The trial court did not err in overruling the defendant's motions to dismiss the petitions.
In case No. 36168 Mrs. Marie Simonton brought an action against The American Legion, Department of Georgia, in which she sought to recover damages for personal injuries alleged to have been suffered by her as the result of the negligence of the defendant corporation.
The petition as finally amended, in addition to the above, alleged substantially the following: That on August 21, 1953, the defendant owned and maintained a building at 1428 Ponce de Leon Avenue at which it operated its State headquarters, that the building faces a southerly direction, that it has a marble stairway leading into the front of the building, that it has a six-step flight of marble steps from a porch on the east side of the building leading to a driveway, that such marble steps on the east side of the building were of white marble but had become grayish brown and dirty looking from long use, that such steps were so smooth as to be almost slick even in the absence of any substance upon them, that at the time about the center of the first three steps and for a width of one or two inches there was a thin layer of amber-colored, almost white oil, that on said date, at about 10 in the morning, the plaintiff, who was a member of the American Legion Auxiliary, entered the building by the front entrance to participate in a function of the American Legion Auxiliary sponsored by the defendant and remained in the meeting until about 1 o'clock when she left the meeting by way of the east door leading to the steps on the east side of the building, that as the plaintiff was leaving the building and was going down the steps, she, without seeing the oil, stepped on it and her feet slipped out from under her, causing her to be thrown violently to the steps and down the remaining steps to the concrete driveway, causing her to be painfully and permanently injured, that the oil on the steps was so light in color and so similar in appearance and color to said steps that it was not apparent on casual observation to one using the steps to go in or out of the building, that she did not see or know of the oil on the said steps and could not have seen it or known of it without stooping and making an inspection, that the oil was on the steps for more than four hours before the plaintiff stepped on it and fell, that the defendant was negligent in allowing the oil to remain on the steps over which its patrons and members were required to walk and over which they were expected to walk in going in and out of said building when it knew, or in the exercise of ordinary care should have known, that the oil was there and that it created a situation dangerous to persons using the steps, that the defendant knew that said building was being used for the said meeting on said date and that members of the American Legion and others would be going in and out of said building on said date, and that the defendant was negligent in that it failed to properly inspect said steps to ascertain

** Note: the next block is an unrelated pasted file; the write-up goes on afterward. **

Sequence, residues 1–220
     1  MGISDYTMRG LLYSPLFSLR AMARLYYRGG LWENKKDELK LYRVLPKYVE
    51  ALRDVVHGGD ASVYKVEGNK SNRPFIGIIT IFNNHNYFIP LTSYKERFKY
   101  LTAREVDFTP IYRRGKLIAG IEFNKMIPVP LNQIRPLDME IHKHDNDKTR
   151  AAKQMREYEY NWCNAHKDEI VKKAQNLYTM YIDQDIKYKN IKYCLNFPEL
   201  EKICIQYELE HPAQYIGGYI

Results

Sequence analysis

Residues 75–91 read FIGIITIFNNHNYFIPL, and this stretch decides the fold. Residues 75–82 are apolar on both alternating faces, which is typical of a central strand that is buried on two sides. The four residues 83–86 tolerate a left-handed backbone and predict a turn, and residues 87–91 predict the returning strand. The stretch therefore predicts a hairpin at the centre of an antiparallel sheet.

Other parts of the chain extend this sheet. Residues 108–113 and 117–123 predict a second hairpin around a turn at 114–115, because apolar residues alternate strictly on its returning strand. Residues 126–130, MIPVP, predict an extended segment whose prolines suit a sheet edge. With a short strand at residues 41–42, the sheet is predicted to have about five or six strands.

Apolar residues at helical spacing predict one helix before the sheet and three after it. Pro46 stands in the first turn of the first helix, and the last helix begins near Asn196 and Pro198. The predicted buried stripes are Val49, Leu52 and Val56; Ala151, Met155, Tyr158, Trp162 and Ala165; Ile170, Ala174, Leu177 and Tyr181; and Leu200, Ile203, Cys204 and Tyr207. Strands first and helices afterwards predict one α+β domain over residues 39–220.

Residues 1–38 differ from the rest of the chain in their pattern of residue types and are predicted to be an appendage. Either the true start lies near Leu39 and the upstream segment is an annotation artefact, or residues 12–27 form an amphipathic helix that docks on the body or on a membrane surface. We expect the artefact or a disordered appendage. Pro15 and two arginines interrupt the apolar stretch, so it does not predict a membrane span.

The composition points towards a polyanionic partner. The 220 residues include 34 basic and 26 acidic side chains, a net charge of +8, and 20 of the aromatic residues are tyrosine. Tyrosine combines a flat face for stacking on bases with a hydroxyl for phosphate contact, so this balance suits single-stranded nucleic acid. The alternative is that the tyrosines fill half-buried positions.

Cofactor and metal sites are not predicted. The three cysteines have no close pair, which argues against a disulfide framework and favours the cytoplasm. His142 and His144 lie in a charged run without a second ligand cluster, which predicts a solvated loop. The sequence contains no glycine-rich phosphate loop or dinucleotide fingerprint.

whether they were reasonably safe for the plaintiff and others to use, and was negligent in failing to remove the said slick greasy substance from the steps. The injuries alleged to have been sustained by Mrs. Marie Simonton were then set forth and damages, as well as process and service were prayed for.
In case No. 36169 Ruel Simonton, the husband of Marie Simonton, sued the defendant for his damages resulting from the injuries alleged to have been sustained by his wife.
The defendant filed a motion to dismiss in the nature of a general demurrer to each petition. The trial court overruled these motions, and exception is made thereto.
1. The defendant, in support of its motions to dismiss, argues that Mrs. Marie Simonton occupied the position of a licensee and not an invitee, and that Code 105-402, which would make it liable only for a wanton or wilful injury, applies to the present case and not Code 105-401.
In order for Mrs. Marie Simonton to have occupied the position of an invitee on the defendant's premises at the time she received her alleged injuries there must have been some mutuality of interest in the subject to which her business related, although the particular thing which was the subject of the visit may not have been for the benefit of the defendant. See Hall v. Capps, 52 Ga. App. 150 (3)
(182 S. E. 625), and cases cited. It was alleged that Mrs. Marie Simonton was a member of the American Legion Auxiliary, that she was on the defendant's premises attending a meeting of this organization which had been sponsored by the defendant, that the defendant expected its members and patrons to use the stairs being used by her when she received her alleged injuries. Therefore, since the defendant sponsored this meeting on its premises it cannot be said that the plaintiff did not occupy the position of an invitee on the defendant's premises when she allegedly received the injuries complained of. See Macon Telegraph Publishing Co. v. Graden, 79 Ga. App. 230
(53 S. E. 2d 371); and, Hanson v. Atlanta Lodge No. 78 B. P. O. Elks, Inc., 88 Ga. App. 116
(76 S. E. 2d 77).
2. The allegations of the petitions show a breach of the duty owed to Mrs. Marie Simonton, and that she was not aware of this breach of duty on the part of the defendant, and since the allegations of the petitions do not make it palpably clear that the alleged injuries to Mrs. Marie Simonton were the result of a failure on her part to exercise ordinary care for her own safety, the trial court did not err in overruling the motions to dismiss. See Young Women's Christian Association v. Barnett, 93 Ga. App. 322
(91 S. E. 2d 381).
Judgments affirmed in both cases. Felton, C. J., and Quillian, J., concur.